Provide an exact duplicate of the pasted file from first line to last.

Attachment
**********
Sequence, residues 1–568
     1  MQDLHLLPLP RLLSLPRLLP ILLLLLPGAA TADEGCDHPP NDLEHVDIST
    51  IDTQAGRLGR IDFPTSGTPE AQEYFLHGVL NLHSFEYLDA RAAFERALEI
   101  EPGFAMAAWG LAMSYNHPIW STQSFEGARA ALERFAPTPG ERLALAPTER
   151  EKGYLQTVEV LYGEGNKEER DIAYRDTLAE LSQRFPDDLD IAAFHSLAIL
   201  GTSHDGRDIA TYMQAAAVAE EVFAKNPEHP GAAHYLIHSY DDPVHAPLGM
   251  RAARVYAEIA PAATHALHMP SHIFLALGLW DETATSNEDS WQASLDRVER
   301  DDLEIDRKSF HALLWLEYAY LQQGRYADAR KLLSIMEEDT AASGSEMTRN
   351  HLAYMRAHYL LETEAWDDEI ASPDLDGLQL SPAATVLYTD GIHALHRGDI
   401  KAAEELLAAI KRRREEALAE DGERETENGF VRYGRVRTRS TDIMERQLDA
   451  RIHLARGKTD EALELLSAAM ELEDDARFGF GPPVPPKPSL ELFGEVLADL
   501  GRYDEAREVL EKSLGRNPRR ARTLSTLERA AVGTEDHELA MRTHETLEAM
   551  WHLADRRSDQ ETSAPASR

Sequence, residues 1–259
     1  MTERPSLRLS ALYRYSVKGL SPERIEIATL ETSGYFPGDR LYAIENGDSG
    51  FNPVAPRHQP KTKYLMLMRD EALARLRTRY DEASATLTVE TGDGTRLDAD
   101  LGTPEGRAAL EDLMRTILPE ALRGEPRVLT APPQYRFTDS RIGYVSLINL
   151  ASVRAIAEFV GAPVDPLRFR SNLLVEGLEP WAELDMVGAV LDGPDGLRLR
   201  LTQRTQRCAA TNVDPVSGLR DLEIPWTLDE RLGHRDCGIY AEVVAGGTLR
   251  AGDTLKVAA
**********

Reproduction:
Sequence, residues 1–568
     1  MQDLHLLPLP RLLSLPRLLP ILLLLLPGAA TADEGCDHPP NDLEHVDIST
    51  IDTQAGRLGR IDFPTSGTPE AQEYFLHGVL NLHSFEYLDA RAAFERALEI
   101  EPGFAMAAWG LAMSYNHPIW STQSFEGARA ALERFAPTPG ERLALAPTER
   151  EKGYLQTVEV LYGEGNKEER DIAYRDTLAE LSQRFPDDLD IAAFHSLAIL
   201  GTSHDGRDIA TYMQAAAVAE EVFAKNPEHP GAAHYLIHSY DDPVHAPLGM
   251  RAARVYAEIA PAATHALHMP SHIFLALGLW DETATSNEDS WQASLDRVER
   301  DDLEIDRKSF HALLWLEYAY LQQGRYADAR KLLSIMEEDT AASGSEMTRN
   351  HLAYMRAHYL LETEAWDDEI ASPDLDGLQL SPAATVLYTD GIHALHRGDI
   401  KAAEELLAAI KRRREEALAE DGERETENGF VRYGRVRTRS TDIMERQLDA
   451  RIHLARGKTD EALELLSAAM ELEDDARFGF GPPVPPKPSL ELFGEVLADL
   501  GRYDEAREVL EKSLGRNPRR ARTLSTLERA AVGTEDHELA MRTHETLEAM
   551  WHLADRRSDQ ETSAPASR

Sequence, residues 1–259
     1  MTERPSLRLS ALYRYSVKGL SPERIEIATL ETSGYFPGDR LYAIENGDSG
    51  FNPVAPRHQP KTKYLMLMRD EALARLRTRY DEASATLTVE TGDGTRLDAD
   101  LGTPEGRAAL EDLMRTILPE ALRGEPRVLT APPQYRFTDS RIGYVSLINL
   151  ASVRAIAEFV GAPVDPLRFR SNLLVEGLEP WAELDMVGAV LDGPDGLRLR
   201  LTQRTQRCAA TNVDPVSGLR DLEIPWTLDE RLGHRDCGIY AEVVAGGTLR
   251  AGDTLKVAA